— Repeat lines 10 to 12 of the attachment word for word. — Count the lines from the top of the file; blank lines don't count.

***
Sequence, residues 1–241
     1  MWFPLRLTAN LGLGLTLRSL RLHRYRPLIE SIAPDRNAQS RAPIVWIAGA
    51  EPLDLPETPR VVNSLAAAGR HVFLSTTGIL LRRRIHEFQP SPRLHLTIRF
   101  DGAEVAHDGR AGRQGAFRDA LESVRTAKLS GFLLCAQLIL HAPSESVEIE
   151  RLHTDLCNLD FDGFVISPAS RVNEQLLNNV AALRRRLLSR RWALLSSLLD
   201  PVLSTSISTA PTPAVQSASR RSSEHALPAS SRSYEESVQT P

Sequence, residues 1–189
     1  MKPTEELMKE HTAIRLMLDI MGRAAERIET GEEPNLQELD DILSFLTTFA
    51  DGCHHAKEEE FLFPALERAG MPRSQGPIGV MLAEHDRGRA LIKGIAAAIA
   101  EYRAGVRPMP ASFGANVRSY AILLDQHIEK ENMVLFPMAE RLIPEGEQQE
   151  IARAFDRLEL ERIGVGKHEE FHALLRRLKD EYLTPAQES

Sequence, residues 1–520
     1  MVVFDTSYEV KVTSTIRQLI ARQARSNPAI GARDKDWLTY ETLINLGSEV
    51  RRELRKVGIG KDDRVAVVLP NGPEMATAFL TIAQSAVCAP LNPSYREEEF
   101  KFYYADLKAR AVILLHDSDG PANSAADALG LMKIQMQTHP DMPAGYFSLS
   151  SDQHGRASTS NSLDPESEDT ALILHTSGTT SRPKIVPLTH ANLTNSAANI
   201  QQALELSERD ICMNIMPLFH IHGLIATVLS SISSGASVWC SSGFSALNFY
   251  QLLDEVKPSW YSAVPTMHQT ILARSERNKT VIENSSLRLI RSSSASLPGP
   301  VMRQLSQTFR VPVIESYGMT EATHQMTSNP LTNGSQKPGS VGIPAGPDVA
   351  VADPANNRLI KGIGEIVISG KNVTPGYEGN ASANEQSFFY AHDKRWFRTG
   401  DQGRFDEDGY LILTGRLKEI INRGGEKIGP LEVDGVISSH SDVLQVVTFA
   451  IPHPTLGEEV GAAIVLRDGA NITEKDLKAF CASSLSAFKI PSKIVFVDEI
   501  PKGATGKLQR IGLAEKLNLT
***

   101  EYRAGVRPMP ASFGANVRSY AILLDQHIEK ENMVLFPMAE RLIPEGEQQE
   151  IARAFDRLEL ERIGVGKHEE FHALLRRLKD EYLTPAQES

Sequence, residues 1–520